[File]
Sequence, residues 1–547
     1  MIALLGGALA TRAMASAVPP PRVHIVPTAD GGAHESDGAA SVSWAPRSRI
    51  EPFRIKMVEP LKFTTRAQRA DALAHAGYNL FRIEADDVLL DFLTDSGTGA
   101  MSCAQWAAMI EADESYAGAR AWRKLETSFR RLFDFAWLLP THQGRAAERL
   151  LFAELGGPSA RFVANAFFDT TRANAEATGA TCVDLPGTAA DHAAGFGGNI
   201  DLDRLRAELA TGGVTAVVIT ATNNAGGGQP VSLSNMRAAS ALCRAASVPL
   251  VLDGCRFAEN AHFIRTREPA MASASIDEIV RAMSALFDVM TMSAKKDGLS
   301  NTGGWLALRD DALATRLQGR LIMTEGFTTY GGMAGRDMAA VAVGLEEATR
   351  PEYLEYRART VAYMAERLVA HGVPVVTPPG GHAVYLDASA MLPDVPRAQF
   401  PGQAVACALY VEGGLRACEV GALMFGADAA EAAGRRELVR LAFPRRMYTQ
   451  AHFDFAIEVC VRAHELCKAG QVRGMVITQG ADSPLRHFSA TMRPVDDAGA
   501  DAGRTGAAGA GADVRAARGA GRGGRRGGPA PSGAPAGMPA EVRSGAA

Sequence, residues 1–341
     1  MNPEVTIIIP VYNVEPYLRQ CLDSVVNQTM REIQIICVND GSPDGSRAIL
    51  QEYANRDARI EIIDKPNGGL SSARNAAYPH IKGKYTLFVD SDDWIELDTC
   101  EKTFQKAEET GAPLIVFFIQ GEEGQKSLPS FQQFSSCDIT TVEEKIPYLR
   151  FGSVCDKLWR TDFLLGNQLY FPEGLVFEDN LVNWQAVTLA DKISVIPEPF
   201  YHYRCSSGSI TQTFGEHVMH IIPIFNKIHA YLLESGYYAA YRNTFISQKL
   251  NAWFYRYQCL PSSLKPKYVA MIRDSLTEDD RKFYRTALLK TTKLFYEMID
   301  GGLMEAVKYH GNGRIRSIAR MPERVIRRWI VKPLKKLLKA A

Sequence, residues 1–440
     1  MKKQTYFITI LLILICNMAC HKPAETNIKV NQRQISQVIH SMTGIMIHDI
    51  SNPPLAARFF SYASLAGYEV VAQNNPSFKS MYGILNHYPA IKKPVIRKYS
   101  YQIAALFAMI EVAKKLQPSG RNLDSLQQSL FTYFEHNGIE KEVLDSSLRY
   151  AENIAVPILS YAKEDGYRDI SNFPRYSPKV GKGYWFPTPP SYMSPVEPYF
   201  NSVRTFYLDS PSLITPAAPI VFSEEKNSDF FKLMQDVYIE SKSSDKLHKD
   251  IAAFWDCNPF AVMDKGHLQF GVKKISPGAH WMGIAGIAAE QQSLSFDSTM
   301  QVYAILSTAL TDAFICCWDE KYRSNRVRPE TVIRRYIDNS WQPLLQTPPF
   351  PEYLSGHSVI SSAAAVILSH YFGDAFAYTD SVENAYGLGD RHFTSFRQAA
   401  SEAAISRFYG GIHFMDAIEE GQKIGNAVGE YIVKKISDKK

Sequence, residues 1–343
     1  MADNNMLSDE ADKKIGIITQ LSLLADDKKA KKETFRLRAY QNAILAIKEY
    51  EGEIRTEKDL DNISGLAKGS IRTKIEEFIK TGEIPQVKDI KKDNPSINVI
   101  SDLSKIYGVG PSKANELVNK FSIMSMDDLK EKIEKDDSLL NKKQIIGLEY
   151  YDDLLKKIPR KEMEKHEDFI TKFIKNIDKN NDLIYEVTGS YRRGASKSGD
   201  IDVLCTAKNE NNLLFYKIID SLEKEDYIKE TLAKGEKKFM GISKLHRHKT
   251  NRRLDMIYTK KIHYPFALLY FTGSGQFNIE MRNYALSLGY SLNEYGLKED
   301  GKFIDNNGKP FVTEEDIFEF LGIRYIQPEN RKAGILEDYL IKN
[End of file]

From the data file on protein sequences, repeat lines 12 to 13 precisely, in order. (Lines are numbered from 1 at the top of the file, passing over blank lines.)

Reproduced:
   501  DAGRTGAAGA GADVRAARGA GRGGRRGGPA PSGAPAGMPA EVRSGAA

Sequence, residues 1–341